In the practice of a preferred embodiment the invention, at least two layers of respectively different metal or metal alloy coating are applied to a metal or metal alloy substrate. The first layer or undercoat is selected from the group of materials which will not form intermetallics with, and so do not adversely affect, mechanical or engineering properties of the substrate to which they are applied, particularly if the coated substrate is then placed in a high-temperature environment. The first layer should be metallurgically and chemically compatible with the base metal of the substrate. This first layer also prevents diffusion of material from the second layer into the substrate, which diffusion could adversely affect or degrade the substrate engineering or mechanical properties, as discussed above. For further information concerning compatibility of metals, see Manty, B. A. and Liss, H. R., Wear Resistant Coatings for Titanium Alloys, Report No. FR-8400 (NTIS Accession No. AD-A042 443/2GA, abstracted Oct. 14, 1977), P. 5, FIG. 1. This first layer can be applied by any conventional means, but is preferably applied by being diffused into the substrate, or by ion-plating (wherein ions of the material for this first layer are implanted into the substrate). The second or outer layer is selected from the group of materials having a melting point at least below the spontaneous ignition temperature and substantially below the melting point of the substrate. The second layer can be applied by any conventional means or method, such as electroplating. For titanium, the spontaneous ignition temperature is in the range of 2700°-2900° F., and the melting point is in the range of 3000°-3200° F., depending upon alloying and purity. The second layer, and the first layer as well, should also not liquify in the normal working environment for the coated substrate, particularly before its protection is needed.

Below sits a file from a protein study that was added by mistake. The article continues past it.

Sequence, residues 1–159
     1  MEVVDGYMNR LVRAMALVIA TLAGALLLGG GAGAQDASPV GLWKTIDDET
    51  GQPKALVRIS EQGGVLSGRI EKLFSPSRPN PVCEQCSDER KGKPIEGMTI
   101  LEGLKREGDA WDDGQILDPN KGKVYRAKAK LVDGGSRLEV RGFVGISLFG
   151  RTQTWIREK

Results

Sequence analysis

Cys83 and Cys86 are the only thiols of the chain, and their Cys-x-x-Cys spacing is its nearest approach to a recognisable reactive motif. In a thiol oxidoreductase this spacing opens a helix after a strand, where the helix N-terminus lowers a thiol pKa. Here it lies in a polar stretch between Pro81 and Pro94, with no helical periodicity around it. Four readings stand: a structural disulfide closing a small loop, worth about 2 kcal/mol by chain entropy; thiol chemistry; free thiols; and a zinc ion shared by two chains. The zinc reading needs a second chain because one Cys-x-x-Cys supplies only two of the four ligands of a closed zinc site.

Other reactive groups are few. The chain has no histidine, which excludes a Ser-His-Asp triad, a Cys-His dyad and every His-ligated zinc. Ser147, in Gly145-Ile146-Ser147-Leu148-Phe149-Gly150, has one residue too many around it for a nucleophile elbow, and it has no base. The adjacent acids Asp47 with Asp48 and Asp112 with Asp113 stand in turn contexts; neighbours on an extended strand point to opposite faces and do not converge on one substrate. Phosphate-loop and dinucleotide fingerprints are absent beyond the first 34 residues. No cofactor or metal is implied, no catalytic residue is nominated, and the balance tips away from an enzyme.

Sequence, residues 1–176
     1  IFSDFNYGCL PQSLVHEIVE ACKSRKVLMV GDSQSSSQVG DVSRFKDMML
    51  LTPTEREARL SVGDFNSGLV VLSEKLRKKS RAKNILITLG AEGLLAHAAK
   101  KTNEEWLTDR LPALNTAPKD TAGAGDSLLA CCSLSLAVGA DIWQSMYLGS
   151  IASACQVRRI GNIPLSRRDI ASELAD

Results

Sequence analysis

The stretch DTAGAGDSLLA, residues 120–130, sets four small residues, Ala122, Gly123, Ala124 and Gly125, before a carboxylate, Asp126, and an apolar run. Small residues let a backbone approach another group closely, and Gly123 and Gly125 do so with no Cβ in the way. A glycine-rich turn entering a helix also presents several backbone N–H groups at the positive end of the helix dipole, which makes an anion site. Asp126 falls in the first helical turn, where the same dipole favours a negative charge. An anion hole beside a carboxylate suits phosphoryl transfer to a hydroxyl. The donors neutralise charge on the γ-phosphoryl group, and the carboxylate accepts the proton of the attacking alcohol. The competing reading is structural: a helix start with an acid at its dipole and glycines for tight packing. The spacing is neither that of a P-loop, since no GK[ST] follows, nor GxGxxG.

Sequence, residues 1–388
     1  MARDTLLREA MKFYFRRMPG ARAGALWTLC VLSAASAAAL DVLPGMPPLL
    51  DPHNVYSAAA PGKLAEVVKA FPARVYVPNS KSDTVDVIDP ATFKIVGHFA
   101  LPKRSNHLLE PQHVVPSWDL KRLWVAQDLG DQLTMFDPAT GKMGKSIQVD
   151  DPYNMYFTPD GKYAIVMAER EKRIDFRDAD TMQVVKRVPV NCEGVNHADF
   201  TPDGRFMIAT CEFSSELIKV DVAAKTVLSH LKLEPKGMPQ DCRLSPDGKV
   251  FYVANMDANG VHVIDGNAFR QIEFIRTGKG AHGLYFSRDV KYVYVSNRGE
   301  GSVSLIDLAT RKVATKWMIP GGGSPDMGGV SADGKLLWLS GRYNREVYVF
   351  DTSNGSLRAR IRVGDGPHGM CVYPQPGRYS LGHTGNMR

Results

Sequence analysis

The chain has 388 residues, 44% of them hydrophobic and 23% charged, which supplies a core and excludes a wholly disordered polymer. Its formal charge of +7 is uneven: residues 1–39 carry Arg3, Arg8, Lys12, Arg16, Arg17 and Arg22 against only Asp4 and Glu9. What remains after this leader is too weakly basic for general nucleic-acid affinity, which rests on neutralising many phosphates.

When ignited and made to react in an exothermic rapid oxidation process, titanium melts. As the titanium melts, the resulting molten material flows. In an environment including flowing air such as in a gas turbine engine, the molten titanium flows with the direction of the airflow. For a titanium substrate experiencing combustion, the resulting molten titanium flows onto the surface of the nonmelted titanium, wetting that titanium, transferring energy into it, producing additional rapid temperature increases, rapidly propagating combustion thereto since the spontaneous ignition temperature of titanium is below the melting point of titanium, and producing more molten material. Thus, decoupling of the molten material from the nonmelted substrate prevents propagation of combustion.
The first layer, directly adjacent to the metal substrate, provides an elevated temperature diffusion barrier, preventing the second layer from diffusing into and degrading the substrate material. This first layer also prevents degradation of the substrate material during subsequent coating operations, and does not degrade the substrate material properties when applied thereto. The thickness of these coatings may range from 0.0001 inch to 0.01 inch, but is only required to be thick enough to prevent interaction of the substrate material with the second layer coating. For a titanium or titanium alloy substrate, materials which can be utilized in the first, or intermediate, layer include chromium, molybdenum, niobium (or columbium), tantalum, vanadium, zirconium, platinum, rhodium, or a combination or alloy thereof. Chromium, molybdenum, platinum and alloys of these elements are preferred.